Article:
Additional Support for Opening Up MLP Structure to Renewables

Earlier this week, Senators Mary Landrieu (D-La.) and Susan Collins (R-Maine) lent their support to a revamped version of the Master Limited Partnerships Parity Act.  The bill was reintroduced earlier this year by Senators Chris Coons (D-Del.) and Jerry Moran (R-Kan.).  The bill would expand the master limited partnership business structure to renewable energy projects, and “level the playing field.”  Currently, the structure is available to traditional fossil-fuel based energy projects, but specifically excludes renewable projects.

A master limited partnership (“MLP”) is a corporate structure that is taxed as a partnership but whose interests are publicly traded similar to corporate stock.  The structure combines the fundraising power of a corporation with the tax treatment of a partnership.  MLPs are currently only statutorily available to investors in oil, natural gas, coal extraction, and pipeline projects. An MLP structure allows these types of projects much greater access to capital, and the projects are much more liquid than traditional financing options.  Thus, they attract a larger pool of private investors.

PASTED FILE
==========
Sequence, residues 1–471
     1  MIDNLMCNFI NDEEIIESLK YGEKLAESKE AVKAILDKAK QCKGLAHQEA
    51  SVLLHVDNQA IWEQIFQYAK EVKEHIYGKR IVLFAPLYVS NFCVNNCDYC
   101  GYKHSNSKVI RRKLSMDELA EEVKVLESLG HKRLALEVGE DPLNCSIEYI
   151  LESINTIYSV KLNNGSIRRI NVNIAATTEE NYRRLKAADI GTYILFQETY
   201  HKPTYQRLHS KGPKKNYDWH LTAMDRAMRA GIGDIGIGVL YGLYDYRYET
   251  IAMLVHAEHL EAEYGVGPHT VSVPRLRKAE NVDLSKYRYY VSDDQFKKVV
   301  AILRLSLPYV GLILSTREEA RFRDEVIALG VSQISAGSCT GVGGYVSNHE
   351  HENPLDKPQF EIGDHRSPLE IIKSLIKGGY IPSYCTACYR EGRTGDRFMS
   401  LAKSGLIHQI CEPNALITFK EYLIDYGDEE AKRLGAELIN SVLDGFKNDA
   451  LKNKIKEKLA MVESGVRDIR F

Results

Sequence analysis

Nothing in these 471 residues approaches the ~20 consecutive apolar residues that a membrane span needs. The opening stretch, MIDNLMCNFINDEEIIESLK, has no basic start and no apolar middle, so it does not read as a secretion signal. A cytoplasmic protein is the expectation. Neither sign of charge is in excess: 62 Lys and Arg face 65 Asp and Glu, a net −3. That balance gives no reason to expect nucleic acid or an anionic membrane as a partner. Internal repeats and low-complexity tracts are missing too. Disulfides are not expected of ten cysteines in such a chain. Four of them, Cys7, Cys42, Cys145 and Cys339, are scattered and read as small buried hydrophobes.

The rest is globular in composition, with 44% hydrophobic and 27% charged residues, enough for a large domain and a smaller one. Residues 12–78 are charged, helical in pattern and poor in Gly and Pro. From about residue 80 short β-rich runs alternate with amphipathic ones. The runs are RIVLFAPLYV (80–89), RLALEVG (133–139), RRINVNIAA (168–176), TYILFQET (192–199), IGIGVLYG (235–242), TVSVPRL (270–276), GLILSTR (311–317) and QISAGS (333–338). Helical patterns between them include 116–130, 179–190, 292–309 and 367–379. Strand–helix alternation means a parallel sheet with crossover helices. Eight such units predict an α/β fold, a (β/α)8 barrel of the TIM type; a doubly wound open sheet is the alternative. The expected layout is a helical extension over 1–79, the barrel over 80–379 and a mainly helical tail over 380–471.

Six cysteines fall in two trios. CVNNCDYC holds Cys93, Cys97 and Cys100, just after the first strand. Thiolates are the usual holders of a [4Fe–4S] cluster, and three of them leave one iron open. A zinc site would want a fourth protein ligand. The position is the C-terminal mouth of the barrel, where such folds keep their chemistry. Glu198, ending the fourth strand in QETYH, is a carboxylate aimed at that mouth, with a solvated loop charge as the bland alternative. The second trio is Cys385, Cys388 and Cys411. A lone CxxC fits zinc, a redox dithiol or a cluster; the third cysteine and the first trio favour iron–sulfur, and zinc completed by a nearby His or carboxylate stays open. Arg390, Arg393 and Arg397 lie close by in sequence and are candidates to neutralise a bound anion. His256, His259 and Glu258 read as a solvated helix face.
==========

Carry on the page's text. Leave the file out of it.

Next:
Senator Coons notes that opening up the MLP structure to the field of renewables helps the country move forward with advancing its “all-of-the-above” energy goal.  The bill would modify the federal tax code to open up the corporate structure and associated tax advantages to investors in renewable energy, thereby creating a broader base of private capital and potential investors in such projects.

The bill has a broad range of supporters, including democrats and republicans, businesses and trade associations and environmental, finance and investment groups.

Topics:  Corporate Taxes, Investors, Master Limited Partnerships, Proposed Legislation, Renewable Energy

Published In: Business Organization Updates, Energy & Utilities Updates, Environmental Updates, Tax Updates

DISCLAIMER: Because of the generality of this update, the information provided herein may not be applicable in all situations and should not be acted upon without specific legal advice based on particular situations.

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